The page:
During many organizing campaigns, employers actively oppose workers’ efforts to form a union and have a greater voice in the workplace. Management may hire outside consultants (“union busters”) paid specifically to disrupt or stamp out employees’ organizing efforts. However, workers seeking to organize have protections under the law. This page will focus on employees’ legal rights during organizing.
RIGHT TO ORGANIZE AND PARTICIPATE IN CONCERTED ACTIVITIES
The NATIONAL LABOR RELATIONS ACT (NLRA) extends rights to most private-sector employees, including the right to organize and bargain collectively with your employer. Employees covered by the Act are protected from certain types of employer misconduct, and have the right to form a union where none currently exists.
The National Labor Relations Act also protects employees' rights to engage in PROTECTED CONCERTED ACTIVITIES, with or without a union, which are usually group activities where two or more employees acting together to improve working conditions, such as wages and benefits. Some examples of such activities include:
AT-WILL EMPLOYMENT vs JUST CAUSE TERMINATION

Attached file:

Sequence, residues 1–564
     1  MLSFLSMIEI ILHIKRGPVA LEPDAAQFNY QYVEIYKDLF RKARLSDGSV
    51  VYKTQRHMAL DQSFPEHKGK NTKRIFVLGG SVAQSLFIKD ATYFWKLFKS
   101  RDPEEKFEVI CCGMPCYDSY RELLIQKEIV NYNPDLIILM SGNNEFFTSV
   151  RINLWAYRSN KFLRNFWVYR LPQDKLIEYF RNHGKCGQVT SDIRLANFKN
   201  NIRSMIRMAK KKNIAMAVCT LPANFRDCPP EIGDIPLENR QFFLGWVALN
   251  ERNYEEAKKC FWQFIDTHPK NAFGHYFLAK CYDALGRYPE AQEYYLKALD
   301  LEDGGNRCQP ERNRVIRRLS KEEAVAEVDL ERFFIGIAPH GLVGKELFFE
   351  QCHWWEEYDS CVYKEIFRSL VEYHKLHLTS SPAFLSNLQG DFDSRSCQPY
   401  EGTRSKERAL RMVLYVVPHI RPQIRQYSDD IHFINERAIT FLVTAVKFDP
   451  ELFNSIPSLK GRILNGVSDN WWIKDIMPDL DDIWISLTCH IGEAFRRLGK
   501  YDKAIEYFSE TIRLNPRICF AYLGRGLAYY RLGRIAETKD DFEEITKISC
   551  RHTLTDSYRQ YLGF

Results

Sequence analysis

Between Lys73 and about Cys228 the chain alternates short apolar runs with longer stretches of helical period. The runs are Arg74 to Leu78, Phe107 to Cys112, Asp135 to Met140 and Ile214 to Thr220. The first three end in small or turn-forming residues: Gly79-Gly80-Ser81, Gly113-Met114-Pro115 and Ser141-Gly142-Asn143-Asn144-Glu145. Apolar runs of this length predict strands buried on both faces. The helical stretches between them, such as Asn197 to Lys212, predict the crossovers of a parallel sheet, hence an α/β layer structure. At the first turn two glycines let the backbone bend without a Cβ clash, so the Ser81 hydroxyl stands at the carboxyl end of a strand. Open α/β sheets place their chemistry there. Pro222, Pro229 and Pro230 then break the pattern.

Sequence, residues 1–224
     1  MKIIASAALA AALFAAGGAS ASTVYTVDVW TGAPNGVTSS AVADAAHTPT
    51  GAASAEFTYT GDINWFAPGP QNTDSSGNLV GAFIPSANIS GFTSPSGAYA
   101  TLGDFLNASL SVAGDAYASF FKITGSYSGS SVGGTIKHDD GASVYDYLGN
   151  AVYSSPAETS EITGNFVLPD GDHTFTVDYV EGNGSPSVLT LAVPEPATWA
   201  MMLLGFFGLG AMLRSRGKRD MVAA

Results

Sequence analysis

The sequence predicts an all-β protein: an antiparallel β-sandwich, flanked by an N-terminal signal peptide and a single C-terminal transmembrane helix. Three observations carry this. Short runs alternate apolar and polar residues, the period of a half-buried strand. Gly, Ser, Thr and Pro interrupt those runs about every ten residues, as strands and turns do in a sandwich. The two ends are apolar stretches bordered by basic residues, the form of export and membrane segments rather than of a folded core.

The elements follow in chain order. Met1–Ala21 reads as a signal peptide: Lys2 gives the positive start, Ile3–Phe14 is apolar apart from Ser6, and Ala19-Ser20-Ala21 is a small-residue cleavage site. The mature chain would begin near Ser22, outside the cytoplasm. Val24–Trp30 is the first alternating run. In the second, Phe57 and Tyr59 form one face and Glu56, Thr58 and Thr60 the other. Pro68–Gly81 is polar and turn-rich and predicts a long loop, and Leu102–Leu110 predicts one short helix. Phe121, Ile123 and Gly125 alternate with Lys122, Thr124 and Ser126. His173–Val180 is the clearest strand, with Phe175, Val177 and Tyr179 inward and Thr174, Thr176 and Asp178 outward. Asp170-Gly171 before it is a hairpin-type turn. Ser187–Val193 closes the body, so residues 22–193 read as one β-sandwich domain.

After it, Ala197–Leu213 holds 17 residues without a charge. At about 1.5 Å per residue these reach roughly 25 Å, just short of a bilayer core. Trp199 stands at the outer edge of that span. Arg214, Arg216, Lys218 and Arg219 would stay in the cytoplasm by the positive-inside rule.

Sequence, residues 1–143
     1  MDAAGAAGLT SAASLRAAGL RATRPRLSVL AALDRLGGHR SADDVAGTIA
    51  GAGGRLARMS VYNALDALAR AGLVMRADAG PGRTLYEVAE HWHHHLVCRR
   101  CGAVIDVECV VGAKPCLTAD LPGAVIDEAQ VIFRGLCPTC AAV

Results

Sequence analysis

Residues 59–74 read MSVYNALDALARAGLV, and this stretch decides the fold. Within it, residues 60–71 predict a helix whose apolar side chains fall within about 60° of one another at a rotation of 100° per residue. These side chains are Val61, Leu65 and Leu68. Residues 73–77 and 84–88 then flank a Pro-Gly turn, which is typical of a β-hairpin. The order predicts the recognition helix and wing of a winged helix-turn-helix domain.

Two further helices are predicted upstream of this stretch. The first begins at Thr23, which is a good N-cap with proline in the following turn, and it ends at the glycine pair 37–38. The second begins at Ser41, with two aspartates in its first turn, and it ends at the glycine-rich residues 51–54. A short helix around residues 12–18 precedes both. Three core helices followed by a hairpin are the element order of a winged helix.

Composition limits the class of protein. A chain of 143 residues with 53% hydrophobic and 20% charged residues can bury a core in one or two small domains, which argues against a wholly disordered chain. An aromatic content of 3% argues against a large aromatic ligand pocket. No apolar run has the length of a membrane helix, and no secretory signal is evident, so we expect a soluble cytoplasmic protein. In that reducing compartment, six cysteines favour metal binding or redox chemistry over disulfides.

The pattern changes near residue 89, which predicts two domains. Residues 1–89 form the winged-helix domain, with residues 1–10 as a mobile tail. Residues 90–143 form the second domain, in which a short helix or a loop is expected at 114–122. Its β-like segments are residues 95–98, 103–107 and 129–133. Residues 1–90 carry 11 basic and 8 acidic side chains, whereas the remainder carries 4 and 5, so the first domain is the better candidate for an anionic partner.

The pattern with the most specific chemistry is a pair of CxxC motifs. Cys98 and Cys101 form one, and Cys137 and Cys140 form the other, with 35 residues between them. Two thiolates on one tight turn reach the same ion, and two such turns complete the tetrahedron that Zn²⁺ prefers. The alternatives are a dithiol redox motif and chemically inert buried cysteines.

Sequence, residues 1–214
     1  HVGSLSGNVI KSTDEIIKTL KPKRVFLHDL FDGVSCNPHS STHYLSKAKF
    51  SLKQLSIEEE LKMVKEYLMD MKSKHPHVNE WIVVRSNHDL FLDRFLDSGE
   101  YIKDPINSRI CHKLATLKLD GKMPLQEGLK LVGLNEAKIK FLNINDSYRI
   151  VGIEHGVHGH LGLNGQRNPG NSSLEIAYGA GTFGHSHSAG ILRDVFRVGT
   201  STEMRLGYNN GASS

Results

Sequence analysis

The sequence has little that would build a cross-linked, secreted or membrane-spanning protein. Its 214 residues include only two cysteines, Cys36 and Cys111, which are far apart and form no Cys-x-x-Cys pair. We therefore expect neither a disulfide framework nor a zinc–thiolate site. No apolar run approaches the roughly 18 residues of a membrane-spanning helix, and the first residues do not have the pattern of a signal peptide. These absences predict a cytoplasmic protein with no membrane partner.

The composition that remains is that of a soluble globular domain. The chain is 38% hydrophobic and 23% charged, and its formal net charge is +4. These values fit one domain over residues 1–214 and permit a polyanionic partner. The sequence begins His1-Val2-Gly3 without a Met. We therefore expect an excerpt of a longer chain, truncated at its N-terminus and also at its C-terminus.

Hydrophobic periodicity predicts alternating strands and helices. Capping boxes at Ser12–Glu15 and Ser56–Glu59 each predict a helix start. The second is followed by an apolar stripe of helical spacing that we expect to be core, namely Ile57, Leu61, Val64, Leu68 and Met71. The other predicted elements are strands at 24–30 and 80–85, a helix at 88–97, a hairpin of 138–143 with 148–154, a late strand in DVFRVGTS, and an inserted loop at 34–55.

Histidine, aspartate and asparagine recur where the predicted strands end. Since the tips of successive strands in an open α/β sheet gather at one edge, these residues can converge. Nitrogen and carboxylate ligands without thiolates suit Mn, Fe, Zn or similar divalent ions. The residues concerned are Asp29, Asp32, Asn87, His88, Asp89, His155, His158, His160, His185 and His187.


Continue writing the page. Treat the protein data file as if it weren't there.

Nevada is an AT-WILL EMPLOYMENT state (see HERE). At-will employment is a legal system that defines your employment relationship with your boss as impermanent, you can be fired without notice unless you have a contract for a definite term or unless your boss has recognized a labor union.
From the Nevada Office of the Labor Commissioner (see HERE):
Labor unions offer workers security and peace of mind that they won’t be fired on the whim of their boss and without warning. Unions offer JUST CAUSE TERMINATION. That means your boss cannot punish you or fire you without a valid reason and a fair hearing. One of the main reason workers join unions is to gain protection against unfair and unjust discipline by employers.
According to just cause protections, employers must meet certain criteria before firing workers. Your boss must have reasonable rules. You must be warned not to break the rules beforehand and given an opportunity to fix any problems or poor performance. You have to be found guilty of breaking the rules in a fair and impartial investigation that found substantial evidence of your guilt. And the punishment (including firing) must be proportional to the seriousness of the offense.
Unions also support PROGRESSIVE DISCIPLINE. That means that, except for in the most serious cases, your boss must first give you a disciplinary notice of unsatisfactory conduct or performance and allow you a reasonable opportunity to correct any issue.